In this example, your exercise price is the same, but instead of receiving the $40 fair-market value 409A price, you managed to negotiate a $50 per share purchase price with the EquityZen fund for all 1,000 shares. At the close of your transaction, the EquityZen fund simultaneously wires $20,000 (assuming no tax withholding) to Liebsify for your exercise, and the balance of $30,000 to you, the seller. Upon closing, Liebsify would issue a share certificate for 1,000 shares in the name of the EquityZen fund.
We know this is a difficult time for many employees of private companies. Layoffs, as well as a public market volatility, have made employees think critically about the value of their private company stock and how liquidity might fit in to their longer-term financial plans.
If you’re unsure about whether your company permits net or cashless exercise, a good place to start is the language of your option grant. You’ll want to pay particular attention to the “Method of Exercise”, “Method of Payment” or “Payment for Stock” sections.
If you see the words “cashless exercise” in any of these sections, that’s a good sign! Likewise, if there’s a section that describes a method of exercise by which you “surrender” either shares or options, that is a good indicator as well.
To know for sure what routes are available to you with respect to net exercise, cashless exercise, and secondary sales, you should contact your company’s stock administration team.
EquityZen has facilitated dozens of same-day cashless exercise transactions in its seven years of business, working with issuers as well as leading pre-IPO law firms to ensure shareholders can gain access to liquidity without the undue burden of going out of pocket for large exercise amounts.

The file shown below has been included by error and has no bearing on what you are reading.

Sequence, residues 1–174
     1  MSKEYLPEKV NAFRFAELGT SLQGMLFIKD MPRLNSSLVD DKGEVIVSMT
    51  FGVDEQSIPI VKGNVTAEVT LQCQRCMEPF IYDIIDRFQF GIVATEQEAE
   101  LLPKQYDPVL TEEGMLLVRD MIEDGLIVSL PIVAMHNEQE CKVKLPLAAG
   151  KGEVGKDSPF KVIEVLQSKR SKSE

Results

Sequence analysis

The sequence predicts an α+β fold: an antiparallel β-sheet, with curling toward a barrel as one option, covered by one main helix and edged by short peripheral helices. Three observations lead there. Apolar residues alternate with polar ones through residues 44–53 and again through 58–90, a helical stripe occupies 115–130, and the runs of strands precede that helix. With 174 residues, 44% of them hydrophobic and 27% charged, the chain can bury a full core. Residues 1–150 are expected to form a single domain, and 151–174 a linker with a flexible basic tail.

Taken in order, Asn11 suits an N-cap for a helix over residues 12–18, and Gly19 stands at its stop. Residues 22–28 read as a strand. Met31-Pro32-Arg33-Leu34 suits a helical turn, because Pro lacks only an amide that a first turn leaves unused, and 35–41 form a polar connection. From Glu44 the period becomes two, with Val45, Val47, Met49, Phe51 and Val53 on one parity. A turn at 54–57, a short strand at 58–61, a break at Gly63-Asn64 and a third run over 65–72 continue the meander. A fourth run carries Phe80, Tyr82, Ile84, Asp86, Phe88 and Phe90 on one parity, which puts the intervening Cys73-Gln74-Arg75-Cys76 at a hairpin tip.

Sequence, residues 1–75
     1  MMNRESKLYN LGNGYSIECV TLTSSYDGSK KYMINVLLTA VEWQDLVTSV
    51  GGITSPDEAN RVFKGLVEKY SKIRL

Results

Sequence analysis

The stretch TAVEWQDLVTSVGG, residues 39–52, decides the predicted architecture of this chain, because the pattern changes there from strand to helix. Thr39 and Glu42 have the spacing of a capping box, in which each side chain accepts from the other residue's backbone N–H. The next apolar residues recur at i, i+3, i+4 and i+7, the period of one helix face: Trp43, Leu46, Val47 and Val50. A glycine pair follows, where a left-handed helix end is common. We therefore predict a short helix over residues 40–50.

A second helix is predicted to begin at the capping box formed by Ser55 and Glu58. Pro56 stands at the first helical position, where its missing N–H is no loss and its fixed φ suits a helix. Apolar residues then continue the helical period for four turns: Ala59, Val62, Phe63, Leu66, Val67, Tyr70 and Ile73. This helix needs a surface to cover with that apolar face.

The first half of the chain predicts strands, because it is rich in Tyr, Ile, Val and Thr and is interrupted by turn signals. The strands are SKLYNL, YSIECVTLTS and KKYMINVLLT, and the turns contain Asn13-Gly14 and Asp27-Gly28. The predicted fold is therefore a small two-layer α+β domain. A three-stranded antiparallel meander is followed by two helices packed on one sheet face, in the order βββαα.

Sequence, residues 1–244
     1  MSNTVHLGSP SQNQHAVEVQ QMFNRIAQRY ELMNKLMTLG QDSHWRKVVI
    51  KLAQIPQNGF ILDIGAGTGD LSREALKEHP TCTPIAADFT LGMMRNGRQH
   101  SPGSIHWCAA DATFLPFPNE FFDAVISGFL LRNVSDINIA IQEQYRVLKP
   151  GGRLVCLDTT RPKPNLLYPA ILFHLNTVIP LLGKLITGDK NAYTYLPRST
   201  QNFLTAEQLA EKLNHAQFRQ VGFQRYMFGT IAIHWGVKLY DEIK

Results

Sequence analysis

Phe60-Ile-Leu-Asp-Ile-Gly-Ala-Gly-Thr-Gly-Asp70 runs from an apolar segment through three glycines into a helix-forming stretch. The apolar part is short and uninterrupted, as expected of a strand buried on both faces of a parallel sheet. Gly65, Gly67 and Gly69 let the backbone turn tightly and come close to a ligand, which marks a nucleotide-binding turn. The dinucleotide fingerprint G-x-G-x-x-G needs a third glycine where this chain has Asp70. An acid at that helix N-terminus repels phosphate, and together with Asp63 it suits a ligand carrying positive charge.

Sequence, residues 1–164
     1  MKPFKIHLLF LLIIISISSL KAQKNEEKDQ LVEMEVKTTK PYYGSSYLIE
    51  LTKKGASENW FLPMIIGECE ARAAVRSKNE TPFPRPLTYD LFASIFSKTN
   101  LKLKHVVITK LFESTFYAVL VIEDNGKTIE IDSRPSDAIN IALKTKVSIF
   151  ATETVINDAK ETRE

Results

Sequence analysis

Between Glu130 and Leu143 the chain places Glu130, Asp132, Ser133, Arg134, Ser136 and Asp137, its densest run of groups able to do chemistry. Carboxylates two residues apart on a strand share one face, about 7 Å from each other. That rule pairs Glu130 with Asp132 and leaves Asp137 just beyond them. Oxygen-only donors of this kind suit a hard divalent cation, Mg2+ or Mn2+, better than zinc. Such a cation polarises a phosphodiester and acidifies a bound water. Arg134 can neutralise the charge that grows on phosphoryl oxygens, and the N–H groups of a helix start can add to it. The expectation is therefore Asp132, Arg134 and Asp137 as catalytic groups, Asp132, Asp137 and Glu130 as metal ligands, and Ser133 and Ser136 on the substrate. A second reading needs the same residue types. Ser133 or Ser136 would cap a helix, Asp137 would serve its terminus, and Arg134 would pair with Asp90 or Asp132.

With the recent volatility in the public markets, we’ve seen an increase in the number of shareholders inquiring about potential cashless exercise transactions, as shareholders who would have previously liquidated public market positions to exercise options are no longer in a position to do so.
As with permitting employee and investor secondary sales more broadly, we have found that allowing employees to utilize net or cashless exercise as a means to exercise options either ahead of, or in connection with, a secondary sale, can serve as a strong employee morale and retention tool for issuers in an economic environment where more conventional methods of employee retention (raises, bonuses, etc.) may no longer be viable.
If you’re an issuer who would like to discuss how to incorporate cashless exercise mechanics into your employee liquidity program, please contact Jonathon Lieberman at firstname.lastname@example.org
This post is for informational purposes only and does not constitute tax or legal advice.
 This sum can include both: (i) the product of: (x) your exercise price (your “strike” price) multiplied by (y) the number of options you intend to exercise; and (ii) any applicable tax withholding.
 The tax consequences of option exercise are complex and can vary across shareholders, companies, states, and the specific type of option you were granted. The tax commentary in this post is meant merely to be a superficial examination of standard stock option tax consequences. We recommend you consult your own tax advisor if you have questions about the tax consequences relating to your option exercise.
 The purchaser may also deduct any placement fees due on the transaction.